"We do not torture"
- George Bush
Citing three legal conditions that must be met before a special prosecutor be called, 18 democrats on the House Judiciary Committee have made that request to Attorney General Mukasey regarding an investigation into torture tapes destroyed by the CIA in 2005.
Although Mukasey, on January 2, announced a full criminal investigation into the tapes it is clear that a conflict of interest might exist if the Department of Justice were involved in investigation the destruction of the tapes.
Before Mukasey's selection of longtime federal prosecutor John Durham to investigate the CIA interrogation tapes case, the Justice Department (DOJ) and the CIA’s Inspector General (IG) had reviewed the matter for close to a month in a “preliminary inquiry.” But that was not the first time DOJ and the IG had joined forces. According to the press, The Department of Justice and the Inspector General have been investigating many other programs.
Questions had been raised about the DoJ's involvement into the tapes' disappearance enquiry.
The Committee's request comes a day before the CIA's top lawyer, John Rizzo, is due to testify to the House Intelligence Committee about the tapes, which the CIA destroyed in November 2005. Recorded in 2002, they showed the harsh interrogation, presumed to be waterboarding, of two alleged al-Qaida suspects. Who was involved in making the legel determination to destroy the tapes has not been determined. Jane Harman, on the Intelligence Committee counselled against that move.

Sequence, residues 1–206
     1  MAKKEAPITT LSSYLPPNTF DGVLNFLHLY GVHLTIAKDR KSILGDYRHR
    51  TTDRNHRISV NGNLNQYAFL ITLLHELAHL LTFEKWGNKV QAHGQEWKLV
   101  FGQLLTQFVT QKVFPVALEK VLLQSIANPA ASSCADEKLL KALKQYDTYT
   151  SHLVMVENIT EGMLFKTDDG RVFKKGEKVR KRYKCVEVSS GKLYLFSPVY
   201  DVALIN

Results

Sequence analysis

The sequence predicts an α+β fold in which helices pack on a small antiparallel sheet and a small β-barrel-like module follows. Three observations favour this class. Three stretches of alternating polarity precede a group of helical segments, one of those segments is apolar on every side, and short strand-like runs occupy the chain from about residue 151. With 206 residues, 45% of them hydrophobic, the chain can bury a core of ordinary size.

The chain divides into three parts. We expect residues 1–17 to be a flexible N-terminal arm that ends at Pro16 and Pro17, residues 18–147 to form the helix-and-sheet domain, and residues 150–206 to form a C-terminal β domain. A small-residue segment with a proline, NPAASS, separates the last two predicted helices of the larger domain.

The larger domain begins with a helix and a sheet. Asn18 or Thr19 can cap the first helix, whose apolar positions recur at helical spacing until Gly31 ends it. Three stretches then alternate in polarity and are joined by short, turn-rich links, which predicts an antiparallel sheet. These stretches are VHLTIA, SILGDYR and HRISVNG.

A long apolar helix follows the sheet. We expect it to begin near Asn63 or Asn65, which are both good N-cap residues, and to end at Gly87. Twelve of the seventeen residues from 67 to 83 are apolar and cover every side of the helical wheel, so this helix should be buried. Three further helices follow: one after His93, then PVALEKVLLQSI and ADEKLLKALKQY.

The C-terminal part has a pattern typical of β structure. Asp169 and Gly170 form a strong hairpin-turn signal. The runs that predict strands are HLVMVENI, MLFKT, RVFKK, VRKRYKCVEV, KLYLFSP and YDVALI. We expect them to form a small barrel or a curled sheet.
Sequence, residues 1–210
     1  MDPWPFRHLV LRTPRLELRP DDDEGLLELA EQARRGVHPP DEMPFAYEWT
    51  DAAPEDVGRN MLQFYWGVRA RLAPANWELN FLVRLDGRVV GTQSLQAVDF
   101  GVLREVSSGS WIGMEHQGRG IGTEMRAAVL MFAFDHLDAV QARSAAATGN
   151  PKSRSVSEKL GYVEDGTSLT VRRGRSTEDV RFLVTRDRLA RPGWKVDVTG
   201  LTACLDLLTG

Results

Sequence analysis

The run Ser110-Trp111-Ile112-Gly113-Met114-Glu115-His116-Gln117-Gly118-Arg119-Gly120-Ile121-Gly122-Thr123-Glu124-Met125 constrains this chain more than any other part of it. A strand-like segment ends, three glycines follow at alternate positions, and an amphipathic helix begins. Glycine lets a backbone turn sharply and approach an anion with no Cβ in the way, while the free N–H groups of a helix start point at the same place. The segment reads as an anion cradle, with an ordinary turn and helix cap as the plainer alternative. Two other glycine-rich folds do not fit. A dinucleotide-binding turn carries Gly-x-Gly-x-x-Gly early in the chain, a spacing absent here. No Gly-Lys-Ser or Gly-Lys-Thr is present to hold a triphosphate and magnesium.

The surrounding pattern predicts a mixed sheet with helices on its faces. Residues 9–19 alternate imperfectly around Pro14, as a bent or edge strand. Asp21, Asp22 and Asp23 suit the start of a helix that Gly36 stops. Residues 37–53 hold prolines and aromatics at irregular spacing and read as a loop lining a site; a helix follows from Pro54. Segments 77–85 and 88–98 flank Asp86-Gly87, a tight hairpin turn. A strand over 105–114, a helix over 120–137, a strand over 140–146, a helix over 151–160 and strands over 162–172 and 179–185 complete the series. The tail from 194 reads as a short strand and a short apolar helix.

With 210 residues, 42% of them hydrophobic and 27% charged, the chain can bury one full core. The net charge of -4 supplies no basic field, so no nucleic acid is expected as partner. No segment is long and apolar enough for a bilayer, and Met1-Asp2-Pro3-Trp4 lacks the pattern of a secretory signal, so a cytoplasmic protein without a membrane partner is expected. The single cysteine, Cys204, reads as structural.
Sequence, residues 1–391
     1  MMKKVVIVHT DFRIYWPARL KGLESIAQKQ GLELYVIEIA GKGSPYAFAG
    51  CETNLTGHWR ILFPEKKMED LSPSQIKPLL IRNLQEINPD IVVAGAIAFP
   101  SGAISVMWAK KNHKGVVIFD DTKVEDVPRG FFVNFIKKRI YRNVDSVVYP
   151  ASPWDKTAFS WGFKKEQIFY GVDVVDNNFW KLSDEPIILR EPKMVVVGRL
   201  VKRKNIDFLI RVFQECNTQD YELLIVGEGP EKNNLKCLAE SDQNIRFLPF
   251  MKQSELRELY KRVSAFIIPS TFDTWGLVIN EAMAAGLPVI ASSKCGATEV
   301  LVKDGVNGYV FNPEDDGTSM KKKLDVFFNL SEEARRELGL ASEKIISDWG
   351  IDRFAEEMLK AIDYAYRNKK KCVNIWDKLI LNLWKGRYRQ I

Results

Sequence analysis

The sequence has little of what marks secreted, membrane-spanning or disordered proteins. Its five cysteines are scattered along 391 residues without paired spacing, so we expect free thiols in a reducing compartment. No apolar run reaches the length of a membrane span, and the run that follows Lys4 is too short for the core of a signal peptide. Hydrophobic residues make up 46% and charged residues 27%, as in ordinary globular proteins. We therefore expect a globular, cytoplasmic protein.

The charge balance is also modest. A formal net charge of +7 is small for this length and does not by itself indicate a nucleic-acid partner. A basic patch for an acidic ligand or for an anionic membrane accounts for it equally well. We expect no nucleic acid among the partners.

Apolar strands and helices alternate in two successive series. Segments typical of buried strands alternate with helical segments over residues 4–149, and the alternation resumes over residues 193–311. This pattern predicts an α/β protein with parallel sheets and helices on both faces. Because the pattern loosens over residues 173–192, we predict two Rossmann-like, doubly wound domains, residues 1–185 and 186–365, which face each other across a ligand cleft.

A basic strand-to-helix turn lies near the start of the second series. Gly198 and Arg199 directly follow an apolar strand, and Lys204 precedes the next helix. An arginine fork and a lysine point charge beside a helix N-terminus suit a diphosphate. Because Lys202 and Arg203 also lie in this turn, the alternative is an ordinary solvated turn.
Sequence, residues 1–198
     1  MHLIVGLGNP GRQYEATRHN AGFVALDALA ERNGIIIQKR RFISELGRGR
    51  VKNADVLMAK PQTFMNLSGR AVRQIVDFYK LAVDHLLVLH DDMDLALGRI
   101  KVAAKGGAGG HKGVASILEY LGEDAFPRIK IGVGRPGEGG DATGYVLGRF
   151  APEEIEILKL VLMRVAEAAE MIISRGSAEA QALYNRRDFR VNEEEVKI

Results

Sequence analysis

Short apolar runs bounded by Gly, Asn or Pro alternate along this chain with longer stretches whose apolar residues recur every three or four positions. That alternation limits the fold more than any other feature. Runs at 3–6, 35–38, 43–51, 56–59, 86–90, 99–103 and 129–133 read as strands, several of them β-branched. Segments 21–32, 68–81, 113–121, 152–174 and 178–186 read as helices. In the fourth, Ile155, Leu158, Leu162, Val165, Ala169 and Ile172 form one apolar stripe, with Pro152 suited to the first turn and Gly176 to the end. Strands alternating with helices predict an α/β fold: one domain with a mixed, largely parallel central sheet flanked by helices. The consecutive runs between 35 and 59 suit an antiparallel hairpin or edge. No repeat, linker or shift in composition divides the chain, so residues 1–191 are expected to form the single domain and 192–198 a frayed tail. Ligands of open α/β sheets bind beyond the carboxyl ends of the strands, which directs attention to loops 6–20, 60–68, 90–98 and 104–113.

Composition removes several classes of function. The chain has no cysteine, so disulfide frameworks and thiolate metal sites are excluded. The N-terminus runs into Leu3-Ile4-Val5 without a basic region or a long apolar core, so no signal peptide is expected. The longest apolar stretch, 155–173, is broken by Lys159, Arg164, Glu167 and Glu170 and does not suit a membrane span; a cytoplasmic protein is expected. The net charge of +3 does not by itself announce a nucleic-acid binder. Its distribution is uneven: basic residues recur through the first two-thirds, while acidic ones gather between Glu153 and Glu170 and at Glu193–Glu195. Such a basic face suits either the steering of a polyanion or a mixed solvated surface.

Rizzo's lawyer has suggested that if he were to testify, immunity from prosecution must be ensured.
The order to destroy the tapes was given by Jose Rodriguez, then the CIA's chief spy as head of the National Clandestine Service. Rodriguez had been scheduled to testify before the House committee on Wednesday, but his appearance was delayed because his attorney insists that Rodriguez be granted immunity from prosecution.
Conyers, D-Mich., also said in the letter to Mukasey that the Justice Department's ability to conduct an independent investigation is compromised because the CIA apparently consulted Justice and White House lawyers about the tapes and their destruction.
A video of previous Committee testimony from experts regarding the use of a special prosecutor can be viewed here.
A synopsis of the hearing held 20 December 2007 and what led Conyers to hold it despite Mukasey's assertion that DoJ’s practice to withhold information in ongoing investigations to prevent the perception of political influence can be found posted on the Legal Times can be found here.
Among the many legal questions to be answered is what role did the DoJ and David Addington, WH counsel, play in determining the "legality" of waterboarding, a practice clearly banned by Geneva. The US is a signatory to these conventions.
mportant Constitutional questions about Congressional oversight of intelligence agencies is also paramount in legal determinations involving checks and balances between government branches. A point has been raised that to come with effective oversight of US intelligence agencies, independent counsel, a special prosecutor, needs appointment to offer solutions to current problems.
TPMMuckraker has been kind enough to post the Committee's letter (and its signatories) online for us all:
A judiciary subcommittee will be holding a hearing to hear from experts on the subject this Thursday.
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